Nevada Gaming Commission Approves Resorts World Las Vegas Casino License

The Nevada Gaming Commission approved a casino license for Genting Berhad on Thursday. Genting plans to break ground on a $4 billion resort development to be called Resorts World Las Vegas.

The Genting casino will be situated on the north end of the Las Vegas Strip. The development is going to incorporate 80% to 85% of the buildings used in the failed Echelon project. The Echelon development stalled due to the 2008 global recession, and Genting Berhad eventually purchased the buildings.

When completed, the casino is going to hold 3,000 hotel rooms and the largest gaming floor in Las Vegas. A 4,000-seat theater is also going to be on the complex, which will be made to look like an idyllic Chinese village. Genting officials say they are considering whether to add a theme park or not. They expect the $4 billion development to bring sightseers.

SLS Resort to Open on Labor Day

Resorts World Las Vegas will take a while before it opens, but there is an opening in Las Vegas later this year. SLS Las Vegas Hotel & Casino is a luxury boutique hotel-casino under construction at the moment. The resort was formerly known as Sahara Hotel and Casino, and (along with the Riviera) was one of the last vintage Rat Pack era hotels remaining in Las Vegas. The casino was the set for the original 1960 version of Ocean’s 11.

SLS Las Vegas is currently undergoing a $415 million renovation. When complete, the casino will reopen on Labor Day 2014. SLS Las Vegas is located on the Las Vegas Strip, though it is located in Winchester, Nevada. The groundbreaking on the renovations began in February 2013, under the guidance of Sam Nazarian.

When completed, SLS Resort will contain 1,600 hotel rooms and four nightclubs. The casino will have several restaurants, including The Bazaar by Jose Andres, Umami Burger, and Katsuya by Starck. The complex will have L.A. clothing store, Fred Segal

The D Las Vegas Launches First Bitcoin ATM Machine

While newly christened casinos are opening in one part of Las Vegas, a more established business is bringing innovative technology to the casino floor. The D Las Vegas in the downtown portion of Sin City is set to launch the first-ever casino-based Bitcoin ATM machine. The new machine is going to sit next to a gift shop in the hotel. The machine will be 5’7″ and will be called Robocoin.

Derek Stevens, owner of the D Las Vegas, says he is uncertain how the new machine will be received. Gamblers and casino owners alike are anticipating the reaction from the mass markets players and casual fans. When asked to comment on the story, Derek Stevens says he some time ago told Robocoin’s marketer, Jordan Kelly, “I’m anxious. I’m excited about it. But it’s not something we can project that easy.”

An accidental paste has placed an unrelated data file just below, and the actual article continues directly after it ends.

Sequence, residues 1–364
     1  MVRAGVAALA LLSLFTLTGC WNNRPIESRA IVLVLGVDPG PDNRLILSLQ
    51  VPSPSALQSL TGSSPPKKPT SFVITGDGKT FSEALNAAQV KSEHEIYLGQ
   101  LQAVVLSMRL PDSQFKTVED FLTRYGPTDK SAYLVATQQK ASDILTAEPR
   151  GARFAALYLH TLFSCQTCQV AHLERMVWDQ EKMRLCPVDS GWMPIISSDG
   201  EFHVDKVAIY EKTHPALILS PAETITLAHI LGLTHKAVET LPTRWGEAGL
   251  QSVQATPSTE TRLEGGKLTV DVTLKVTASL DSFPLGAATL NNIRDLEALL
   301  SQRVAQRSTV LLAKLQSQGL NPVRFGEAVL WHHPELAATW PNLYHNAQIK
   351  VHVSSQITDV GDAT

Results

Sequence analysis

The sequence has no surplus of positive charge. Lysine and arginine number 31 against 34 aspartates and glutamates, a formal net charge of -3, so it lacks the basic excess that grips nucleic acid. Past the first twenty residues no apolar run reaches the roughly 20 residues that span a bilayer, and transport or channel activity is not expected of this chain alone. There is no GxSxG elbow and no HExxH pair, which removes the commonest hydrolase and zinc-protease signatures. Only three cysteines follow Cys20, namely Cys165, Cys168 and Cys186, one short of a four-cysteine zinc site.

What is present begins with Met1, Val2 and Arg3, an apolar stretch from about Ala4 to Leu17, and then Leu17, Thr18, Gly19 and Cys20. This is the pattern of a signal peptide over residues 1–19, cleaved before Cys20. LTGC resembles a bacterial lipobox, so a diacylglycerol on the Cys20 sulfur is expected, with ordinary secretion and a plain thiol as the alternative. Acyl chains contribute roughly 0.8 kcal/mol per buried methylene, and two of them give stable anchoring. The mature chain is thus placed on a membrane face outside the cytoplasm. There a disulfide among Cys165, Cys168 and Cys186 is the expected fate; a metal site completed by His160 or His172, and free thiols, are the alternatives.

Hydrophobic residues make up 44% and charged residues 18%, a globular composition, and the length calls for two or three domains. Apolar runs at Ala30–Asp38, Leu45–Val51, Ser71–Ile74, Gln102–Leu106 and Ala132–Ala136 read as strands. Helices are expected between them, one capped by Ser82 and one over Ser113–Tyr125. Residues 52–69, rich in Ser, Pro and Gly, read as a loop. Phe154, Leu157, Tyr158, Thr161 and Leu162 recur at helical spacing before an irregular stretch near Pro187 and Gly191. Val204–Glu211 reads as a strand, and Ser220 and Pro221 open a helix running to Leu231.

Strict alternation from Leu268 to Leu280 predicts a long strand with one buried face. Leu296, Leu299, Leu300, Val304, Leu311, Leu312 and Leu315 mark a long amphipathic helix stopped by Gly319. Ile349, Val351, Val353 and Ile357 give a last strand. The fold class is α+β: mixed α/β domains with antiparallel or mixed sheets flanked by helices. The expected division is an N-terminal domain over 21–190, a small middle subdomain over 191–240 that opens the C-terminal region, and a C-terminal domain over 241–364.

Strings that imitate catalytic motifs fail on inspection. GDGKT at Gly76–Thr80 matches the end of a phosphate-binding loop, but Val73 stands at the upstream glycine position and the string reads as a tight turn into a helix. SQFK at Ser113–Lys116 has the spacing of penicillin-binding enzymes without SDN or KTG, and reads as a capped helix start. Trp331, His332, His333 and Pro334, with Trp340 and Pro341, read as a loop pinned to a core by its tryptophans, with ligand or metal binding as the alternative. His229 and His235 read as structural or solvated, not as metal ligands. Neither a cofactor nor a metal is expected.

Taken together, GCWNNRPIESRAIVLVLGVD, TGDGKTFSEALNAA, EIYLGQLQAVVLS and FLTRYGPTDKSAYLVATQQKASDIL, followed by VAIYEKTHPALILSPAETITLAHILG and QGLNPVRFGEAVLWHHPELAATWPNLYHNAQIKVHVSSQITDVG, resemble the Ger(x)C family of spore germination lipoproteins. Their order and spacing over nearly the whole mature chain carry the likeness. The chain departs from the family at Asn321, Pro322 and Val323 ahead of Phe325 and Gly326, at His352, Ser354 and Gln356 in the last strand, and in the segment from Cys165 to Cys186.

About Robocoin

Robocoin is going to be a hybrid machine, holding both cash and Bitcoin virtual currency. Robocoin will be able to hold up to $500,000 in cash. Of course, Bitcoin has only an electronic existence.

The Vegas launch is nothing new to Robocoin. In October 2013, company launched the first Bitcoin ATM in a Canadian coffee shop. In the first 8 days of operation, that machine conducted $100,000 worth of transactions and $1 million in the first month’s time.

Since October, the demand for Robocoin has exploded. Jordan Kelley’s company has sold 55 machines around the globe, to Singapore, Japan, and Australia. The United States is home to 6 Robocoin ATM machines, while the one at the D Las Vegas Casino is “Lucky No. 7”.

What Is Bitcoin?

Bitcoin is a currency which exists entirely in the virtual world of the Internet. No government or bank backs up the currency, but it is traded by millions of online consumers and merchants each year. Neither cash bills or metal coins for Bitcoin, but one bitcoin is worth roughly 900 American dollars.  The currency started at the end of 2008, when banks and wealthy investors were hoarding traditional money.

Online traders began to use Bitcoin. Many found they liked the anonymity of such payments. Virtually every form of web commerce allows bitcoin payments. Online gambling certainly does. In fact, it is thought online gambling accounts for about 50% of all bitcoin transactions. It is no surprise that land-based casinos eventually would accommodate such payments.


About Cliff Spiller

Cliff Spiller has been an online writer for 14 years. He worked for Small World Marketing for a decade, where he covered topics like gaming, sports, movies, and how-to guides. Since 2014, he has blogged about US and international gambling news on,, and

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